By Saturday’s end, at least nine fires had been set in Philadelphia. People broke into businesses in Center City, with a steady stream of people hitting up stores along Chestnut and Walnut streets to lift clothes, technology, and mannequins from their displays. More than 100 people were arrested, and 13 police officers were injured.
Mayor Jim Kenney ordered the first curfew starting at 8 p.m. on this day. It would last through the week.
Sunday, May 31: Cleanup starts, protests continue, and police tear gas West Philadelphians
As soon as the curfew was lifted at 6 a.m., Philadelphians gathered to clean up the mess in Center City. They placed boards in broken windows. They scrubbed graffiti, and swept discarded hangers and sneakers from the street.
Meanwhile, hundreds continued to protest at City Hall and in various other neighborhoods. In West Philly, where demonstrators demanding justice were sometimes on the same block as people breaking into other stores, police used rubber bullets and tear gas in residential areas — traumatizing residents and adding to the chaos. One family sued the city for it, and was later awarded an $87k settlement.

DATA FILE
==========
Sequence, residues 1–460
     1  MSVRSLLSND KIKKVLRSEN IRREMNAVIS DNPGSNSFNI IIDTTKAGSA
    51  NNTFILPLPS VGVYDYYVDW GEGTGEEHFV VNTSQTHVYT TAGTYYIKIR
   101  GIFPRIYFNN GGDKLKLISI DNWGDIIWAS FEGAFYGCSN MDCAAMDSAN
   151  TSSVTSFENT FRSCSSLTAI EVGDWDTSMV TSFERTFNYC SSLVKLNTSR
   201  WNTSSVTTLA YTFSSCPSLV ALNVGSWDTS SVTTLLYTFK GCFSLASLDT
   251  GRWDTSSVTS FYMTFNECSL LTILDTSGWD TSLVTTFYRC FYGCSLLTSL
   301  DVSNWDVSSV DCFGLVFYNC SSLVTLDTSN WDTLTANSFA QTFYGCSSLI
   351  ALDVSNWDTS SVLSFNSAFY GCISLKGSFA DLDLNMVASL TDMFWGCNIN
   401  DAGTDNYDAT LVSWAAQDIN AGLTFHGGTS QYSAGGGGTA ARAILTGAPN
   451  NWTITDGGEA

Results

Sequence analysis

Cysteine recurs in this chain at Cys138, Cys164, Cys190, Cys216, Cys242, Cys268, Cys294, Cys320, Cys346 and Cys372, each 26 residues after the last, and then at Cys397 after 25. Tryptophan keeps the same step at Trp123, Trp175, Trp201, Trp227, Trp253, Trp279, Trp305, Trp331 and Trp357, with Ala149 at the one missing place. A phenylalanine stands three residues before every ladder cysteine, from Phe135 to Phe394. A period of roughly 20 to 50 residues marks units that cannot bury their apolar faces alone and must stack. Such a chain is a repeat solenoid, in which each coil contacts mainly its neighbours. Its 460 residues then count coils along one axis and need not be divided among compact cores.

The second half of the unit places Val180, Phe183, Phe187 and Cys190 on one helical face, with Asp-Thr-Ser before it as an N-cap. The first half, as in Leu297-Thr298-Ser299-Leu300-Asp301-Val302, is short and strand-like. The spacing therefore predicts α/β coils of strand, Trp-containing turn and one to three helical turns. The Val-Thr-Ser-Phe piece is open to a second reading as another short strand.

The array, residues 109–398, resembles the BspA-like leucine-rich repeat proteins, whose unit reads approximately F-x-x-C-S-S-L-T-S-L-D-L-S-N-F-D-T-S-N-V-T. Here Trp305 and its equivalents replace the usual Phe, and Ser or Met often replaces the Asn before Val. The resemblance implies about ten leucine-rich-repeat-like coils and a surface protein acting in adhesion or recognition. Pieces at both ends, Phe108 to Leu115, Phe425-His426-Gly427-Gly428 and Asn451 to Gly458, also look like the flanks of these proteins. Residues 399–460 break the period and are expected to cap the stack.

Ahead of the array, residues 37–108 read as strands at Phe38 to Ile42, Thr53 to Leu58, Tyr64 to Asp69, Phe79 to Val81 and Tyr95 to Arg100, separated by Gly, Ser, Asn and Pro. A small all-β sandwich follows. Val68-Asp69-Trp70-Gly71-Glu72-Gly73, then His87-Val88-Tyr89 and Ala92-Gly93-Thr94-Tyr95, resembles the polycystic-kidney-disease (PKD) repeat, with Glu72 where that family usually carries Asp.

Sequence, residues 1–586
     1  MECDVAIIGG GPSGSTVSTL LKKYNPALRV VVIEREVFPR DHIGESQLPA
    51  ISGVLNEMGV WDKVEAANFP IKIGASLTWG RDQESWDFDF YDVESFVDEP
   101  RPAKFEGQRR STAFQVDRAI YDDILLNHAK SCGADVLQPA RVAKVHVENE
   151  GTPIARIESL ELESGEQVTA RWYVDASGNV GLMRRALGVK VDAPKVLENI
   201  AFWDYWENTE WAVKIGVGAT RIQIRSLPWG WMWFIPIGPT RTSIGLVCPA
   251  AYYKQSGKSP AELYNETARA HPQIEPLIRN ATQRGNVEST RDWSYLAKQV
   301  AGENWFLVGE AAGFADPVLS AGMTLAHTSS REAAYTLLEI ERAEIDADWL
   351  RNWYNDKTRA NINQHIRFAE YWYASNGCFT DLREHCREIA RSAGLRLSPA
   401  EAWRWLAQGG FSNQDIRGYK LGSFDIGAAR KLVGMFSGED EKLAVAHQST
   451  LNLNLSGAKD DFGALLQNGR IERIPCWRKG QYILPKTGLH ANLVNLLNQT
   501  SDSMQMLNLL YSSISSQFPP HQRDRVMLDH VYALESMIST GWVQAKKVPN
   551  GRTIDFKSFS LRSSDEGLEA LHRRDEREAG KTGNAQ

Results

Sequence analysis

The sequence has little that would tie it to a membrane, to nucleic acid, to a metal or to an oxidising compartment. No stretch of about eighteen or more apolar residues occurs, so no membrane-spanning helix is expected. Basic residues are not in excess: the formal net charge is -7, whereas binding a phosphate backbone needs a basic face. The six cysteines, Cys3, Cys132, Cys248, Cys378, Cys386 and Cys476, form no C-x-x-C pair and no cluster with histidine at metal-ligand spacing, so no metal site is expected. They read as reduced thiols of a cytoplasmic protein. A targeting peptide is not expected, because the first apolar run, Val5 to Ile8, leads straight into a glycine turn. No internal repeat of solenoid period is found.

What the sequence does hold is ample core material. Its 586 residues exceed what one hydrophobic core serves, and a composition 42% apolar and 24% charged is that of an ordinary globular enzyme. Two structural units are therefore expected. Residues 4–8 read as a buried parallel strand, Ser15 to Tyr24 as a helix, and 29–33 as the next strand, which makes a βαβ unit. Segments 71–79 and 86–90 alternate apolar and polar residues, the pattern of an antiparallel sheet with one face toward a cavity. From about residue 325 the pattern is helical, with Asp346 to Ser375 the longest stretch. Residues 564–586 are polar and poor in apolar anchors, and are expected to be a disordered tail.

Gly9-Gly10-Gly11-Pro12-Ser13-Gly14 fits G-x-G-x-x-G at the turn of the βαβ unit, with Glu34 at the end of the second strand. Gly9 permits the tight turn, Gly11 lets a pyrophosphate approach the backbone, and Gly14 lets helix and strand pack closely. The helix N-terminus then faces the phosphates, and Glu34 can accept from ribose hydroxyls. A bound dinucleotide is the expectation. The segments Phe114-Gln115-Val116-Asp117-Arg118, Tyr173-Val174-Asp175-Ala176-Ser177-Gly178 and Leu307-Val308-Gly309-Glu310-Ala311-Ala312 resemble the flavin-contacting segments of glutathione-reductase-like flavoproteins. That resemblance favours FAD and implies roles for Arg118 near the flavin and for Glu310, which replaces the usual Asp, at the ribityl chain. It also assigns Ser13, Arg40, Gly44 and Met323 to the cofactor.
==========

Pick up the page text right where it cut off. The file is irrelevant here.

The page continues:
This was back when former President Donald Trump had Twitter, so on Sunday night he demanded “law and order” in Philadelphia.
Monday, June 1: National Guard arrives, police tear gas more people, and Fishtown vigilantes come out
SEPTA suspended service, the Ben Franklin Bridge was ordered closed, and city officials teamed up with Gov. Wolf to bring the Pa. National Guard to Philadelphia.
But Philadelphians kept protesting, and tensions with law enforcement continued to escalate. Police cars were set on fire in Center City. A PPD inspector named Joe Bologna struck peaceful protesters with a baton, and police released multiple tear gas canisters into a crowd of people protesting on I-676. Bologna was later fired and the highway protesters have sued.
Meanwhile, some Fishtown residents who said they heard “looters” were coming to their neighborhood took it upon themselves to mobilize. Carrying bats and other makeshift weapons, they made threats and allegedly assaulted three people, including a WHYY journalist.